Congrats on the training gig Anton! I started in a similar situation. I had been working at a gym for awhile and they knew I wanted to start training people. I got certified and they said "Great, teach this class once a week". No guidelines, no information, just here's a list of people whose money we already took and you're supposed to get them 'in shape'. The obvious upside is no oversight but now I had to actually do it. Very nervous like you described, a few sleepless nights. Here's roughly how I approached it with my admitted lack of experience:

1) Warmup. Joint mobility drills, agility ladder if you have one, read Robb Wolf's 'Kyphosis' article in the PM. Great warmup routine there.

2)Evaluate first. Instruct form/technique on the basics like: Pushup/Pullups - can they do any? How many? If not, plank holds, pushups on wall or box working towards horizontal, ring hang-for-time, inverted bodyrows on rings. Situp test, do they/you have an abmat? Very portable and can do 'supermans' or back extensions with it too. Air-Squats - Instruct form, go over CF squat article(s) videos, Rippetoe's squat teaching progression - all great info for coaching. If time allows, formulate and run them through a circuit using these basic exercises.

3) You said they do have dumbells. Go to Coach Rut's blog www.coachrut.blogspot.com. He posts daily workouts, lots of dumbell workout ideas. Don't forget BrandX Martial Arts site for scaled down WODs depending on the level of your athletes there. Speaking of levels, use Dave Werner's Skill Level Assessments. He generously posts them on his site at www.crossfitseattle.com. They are great for giving your athletes a perspective on where their fitness stands.

Sorry for going on and on. There is a ton more I know I forgot or should be doing myself. Have fun with it. If you really want to coach then you will have a blast overall just figuring it out and it gets more comfortable every time you do it.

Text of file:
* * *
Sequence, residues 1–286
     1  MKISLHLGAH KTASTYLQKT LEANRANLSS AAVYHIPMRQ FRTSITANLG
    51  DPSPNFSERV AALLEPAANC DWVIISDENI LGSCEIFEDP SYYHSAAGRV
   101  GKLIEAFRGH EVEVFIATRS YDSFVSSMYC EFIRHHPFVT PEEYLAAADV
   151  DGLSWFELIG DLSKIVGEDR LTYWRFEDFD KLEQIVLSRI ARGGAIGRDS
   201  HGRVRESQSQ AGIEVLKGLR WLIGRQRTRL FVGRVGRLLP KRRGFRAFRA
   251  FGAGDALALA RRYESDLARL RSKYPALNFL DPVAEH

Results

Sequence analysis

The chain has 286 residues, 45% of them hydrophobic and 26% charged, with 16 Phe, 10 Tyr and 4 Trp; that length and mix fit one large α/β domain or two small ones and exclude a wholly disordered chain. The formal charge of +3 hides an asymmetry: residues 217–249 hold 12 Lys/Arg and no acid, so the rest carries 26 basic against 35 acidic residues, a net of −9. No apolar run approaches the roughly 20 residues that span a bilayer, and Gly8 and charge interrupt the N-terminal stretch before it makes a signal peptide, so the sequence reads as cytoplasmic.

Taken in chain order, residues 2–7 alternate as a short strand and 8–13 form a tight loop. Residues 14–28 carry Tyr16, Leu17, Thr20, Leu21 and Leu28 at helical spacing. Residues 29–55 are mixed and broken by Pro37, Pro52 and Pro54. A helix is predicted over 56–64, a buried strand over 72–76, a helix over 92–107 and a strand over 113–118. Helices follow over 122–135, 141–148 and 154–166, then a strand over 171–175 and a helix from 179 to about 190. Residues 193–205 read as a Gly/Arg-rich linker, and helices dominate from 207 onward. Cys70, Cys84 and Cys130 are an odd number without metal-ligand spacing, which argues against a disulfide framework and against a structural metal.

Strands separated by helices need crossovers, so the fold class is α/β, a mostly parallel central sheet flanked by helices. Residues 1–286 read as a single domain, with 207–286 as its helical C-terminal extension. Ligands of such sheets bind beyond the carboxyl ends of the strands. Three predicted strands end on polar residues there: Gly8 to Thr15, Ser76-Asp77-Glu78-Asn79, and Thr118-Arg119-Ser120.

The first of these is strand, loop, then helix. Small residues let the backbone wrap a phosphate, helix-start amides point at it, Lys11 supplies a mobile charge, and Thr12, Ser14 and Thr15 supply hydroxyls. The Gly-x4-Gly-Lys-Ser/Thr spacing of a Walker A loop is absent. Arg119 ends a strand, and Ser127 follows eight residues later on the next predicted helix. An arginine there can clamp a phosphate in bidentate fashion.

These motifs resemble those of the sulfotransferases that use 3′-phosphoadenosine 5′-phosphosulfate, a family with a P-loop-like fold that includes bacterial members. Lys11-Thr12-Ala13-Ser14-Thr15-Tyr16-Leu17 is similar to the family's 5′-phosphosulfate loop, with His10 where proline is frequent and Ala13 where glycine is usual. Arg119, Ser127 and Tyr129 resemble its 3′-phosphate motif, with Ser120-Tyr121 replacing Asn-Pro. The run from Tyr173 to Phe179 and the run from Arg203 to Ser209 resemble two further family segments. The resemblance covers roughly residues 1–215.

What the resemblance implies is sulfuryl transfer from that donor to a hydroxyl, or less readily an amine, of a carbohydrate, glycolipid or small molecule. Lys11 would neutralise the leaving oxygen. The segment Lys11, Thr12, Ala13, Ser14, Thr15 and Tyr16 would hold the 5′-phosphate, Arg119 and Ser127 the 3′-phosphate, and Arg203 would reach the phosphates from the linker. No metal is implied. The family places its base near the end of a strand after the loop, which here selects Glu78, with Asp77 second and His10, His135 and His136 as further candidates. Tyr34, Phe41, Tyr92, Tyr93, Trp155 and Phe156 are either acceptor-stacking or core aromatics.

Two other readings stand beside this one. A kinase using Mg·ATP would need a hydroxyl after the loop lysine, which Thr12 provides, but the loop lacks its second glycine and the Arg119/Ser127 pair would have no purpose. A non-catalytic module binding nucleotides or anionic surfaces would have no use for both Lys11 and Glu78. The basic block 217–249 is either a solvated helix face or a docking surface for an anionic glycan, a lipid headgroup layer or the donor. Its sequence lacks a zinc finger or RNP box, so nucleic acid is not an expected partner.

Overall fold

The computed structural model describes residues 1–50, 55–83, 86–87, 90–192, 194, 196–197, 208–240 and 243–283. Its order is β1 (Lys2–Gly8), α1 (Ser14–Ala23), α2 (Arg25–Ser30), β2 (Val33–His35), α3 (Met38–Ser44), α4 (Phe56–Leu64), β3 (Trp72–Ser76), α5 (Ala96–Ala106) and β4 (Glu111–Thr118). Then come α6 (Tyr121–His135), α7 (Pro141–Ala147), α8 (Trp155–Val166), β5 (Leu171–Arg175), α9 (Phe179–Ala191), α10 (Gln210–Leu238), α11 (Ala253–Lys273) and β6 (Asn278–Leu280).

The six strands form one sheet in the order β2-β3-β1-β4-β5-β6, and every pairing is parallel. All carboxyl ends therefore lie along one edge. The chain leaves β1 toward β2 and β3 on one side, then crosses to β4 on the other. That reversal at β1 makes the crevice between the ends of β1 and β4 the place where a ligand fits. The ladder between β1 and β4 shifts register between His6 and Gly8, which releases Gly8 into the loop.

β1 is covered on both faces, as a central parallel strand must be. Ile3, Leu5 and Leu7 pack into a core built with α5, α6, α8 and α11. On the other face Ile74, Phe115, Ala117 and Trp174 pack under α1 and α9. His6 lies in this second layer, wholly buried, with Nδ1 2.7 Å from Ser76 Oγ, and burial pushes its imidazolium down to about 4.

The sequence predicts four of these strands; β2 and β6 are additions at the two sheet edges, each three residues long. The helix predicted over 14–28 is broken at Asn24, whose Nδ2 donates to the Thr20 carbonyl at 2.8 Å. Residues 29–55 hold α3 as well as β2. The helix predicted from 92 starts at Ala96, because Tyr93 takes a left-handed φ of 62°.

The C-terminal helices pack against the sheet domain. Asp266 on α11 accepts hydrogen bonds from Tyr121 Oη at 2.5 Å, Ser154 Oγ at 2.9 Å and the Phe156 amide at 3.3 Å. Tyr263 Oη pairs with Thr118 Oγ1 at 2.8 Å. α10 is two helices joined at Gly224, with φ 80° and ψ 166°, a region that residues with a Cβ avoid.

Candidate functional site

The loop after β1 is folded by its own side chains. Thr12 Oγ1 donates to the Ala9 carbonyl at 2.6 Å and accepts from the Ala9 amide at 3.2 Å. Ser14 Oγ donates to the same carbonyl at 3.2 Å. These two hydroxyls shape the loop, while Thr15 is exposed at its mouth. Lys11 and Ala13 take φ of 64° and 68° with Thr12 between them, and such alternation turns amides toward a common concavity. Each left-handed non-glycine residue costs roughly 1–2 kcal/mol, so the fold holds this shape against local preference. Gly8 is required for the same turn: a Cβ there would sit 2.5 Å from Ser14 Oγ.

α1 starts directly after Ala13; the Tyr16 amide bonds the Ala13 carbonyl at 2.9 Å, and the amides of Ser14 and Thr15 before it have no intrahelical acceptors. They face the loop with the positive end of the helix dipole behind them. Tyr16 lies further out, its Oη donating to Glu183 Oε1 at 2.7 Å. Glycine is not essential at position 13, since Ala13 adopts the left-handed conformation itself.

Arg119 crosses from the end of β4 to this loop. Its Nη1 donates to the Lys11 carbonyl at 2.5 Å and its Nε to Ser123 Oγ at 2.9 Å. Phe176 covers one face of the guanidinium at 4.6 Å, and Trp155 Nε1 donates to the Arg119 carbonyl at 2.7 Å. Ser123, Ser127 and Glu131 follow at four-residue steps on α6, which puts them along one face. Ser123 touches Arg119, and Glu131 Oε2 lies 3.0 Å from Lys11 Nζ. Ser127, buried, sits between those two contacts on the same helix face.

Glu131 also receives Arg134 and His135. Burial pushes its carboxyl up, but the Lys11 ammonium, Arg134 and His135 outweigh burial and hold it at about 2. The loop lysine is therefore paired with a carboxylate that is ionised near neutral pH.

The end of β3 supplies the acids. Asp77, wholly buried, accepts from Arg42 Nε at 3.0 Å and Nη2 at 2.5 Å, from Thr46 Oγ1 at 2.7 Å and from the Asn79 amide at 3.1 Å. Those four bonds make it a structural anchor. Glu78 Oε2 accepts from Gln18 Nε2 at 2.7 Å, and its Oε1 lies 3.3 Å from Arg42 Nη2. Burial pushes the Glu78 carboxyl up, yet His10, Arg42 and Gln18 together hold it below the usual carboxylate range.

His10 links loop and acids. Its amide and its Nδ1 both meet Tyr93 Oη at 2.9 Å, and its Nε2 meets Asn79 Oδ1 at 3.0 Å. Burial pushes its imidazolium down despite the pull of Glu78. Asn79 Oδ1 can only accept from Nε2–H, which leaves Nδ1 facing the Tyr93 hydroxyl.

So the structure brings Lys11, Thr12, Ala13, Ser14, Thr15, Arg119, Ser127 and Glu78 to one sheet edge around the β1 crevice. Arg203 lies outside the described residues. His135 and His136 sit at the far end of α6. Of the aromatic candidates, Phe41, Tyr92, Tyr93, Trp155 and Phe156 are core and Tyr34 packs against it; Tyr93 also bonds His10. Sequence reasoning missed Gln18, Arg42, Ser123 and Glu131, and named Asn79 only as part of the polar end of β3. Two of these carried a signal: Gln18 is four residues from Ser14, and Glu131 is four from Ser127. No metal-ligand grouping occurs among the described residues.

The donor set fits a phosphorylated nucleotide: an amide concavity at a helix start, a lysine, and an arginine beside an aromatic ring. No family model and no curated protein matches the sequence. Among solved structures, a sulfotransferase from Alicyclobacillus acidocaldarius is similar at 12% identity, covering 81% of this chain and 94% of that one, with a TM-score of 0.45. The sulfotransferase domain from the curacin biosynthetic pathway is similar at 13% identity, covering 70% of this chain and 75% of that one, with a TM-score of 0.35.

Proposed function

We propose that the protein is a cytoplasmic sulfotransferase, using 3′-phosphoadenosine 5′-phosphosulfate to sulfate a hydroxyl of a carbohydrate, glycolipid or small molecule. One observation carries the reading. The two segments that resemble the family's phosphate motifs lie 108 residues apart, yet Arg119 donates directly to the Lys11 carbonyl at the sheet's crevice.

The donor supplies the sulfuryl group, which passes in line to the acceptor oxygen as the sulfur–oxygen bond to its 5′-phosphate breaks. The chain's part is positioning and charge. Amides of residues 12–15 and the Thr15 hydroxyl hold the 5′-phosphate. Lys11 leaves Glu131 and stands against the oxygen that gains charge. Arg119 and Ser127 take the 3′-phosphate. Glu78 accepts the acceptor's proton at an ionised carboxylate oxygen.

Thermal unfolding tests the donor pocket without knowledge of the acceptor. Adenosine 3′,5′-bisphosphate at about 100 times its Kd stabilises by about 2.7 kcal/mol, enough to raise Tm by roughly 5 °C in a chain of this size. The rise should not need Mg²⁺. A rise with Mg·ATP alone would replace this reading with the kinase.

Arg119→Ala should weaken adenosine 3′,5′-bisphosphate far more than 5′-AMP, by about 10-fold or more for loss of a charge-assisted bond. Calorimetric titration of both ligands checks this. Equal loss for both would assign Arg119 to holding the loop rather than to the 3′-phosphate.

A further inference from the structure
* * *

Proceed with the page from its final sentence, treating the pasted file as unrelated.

All the best,

Rob McBee
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Old 02-10-2008, 11:37 PM   #5
Anton Emery
Join Date: Sep 2007
Posts: 145

Thanks for the advice guys. I'll keep it all in mind when i am coming up with program ideas. Warm ups and cool downs are the main areas where i do not have as much stuff. I am figuring stuff like Samson Stretches, bear and crab walks, shoulder work with the PVC pipe, among other things.

Talked to the managers at Straight Blast some more today, and it looks like they want to hang a climbing rope and get some rings. I was pretty stoked to hear that, perhaps i can talk them into a pull up bar as well. With all that plus the weights they have, and some sandbags we would be pretty well equipped for basic workouts.

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Old 02-11-2008, 06:33 AM   #6
Garrett Smith
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Location: Tucson, AZ
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The foot drills (google "foot drills" if you haven't seen me post the link before) are a great ankle/foot mobility addition to a group warmup.

Also, the DROM drills here on the PMenu would be another good warmup addition.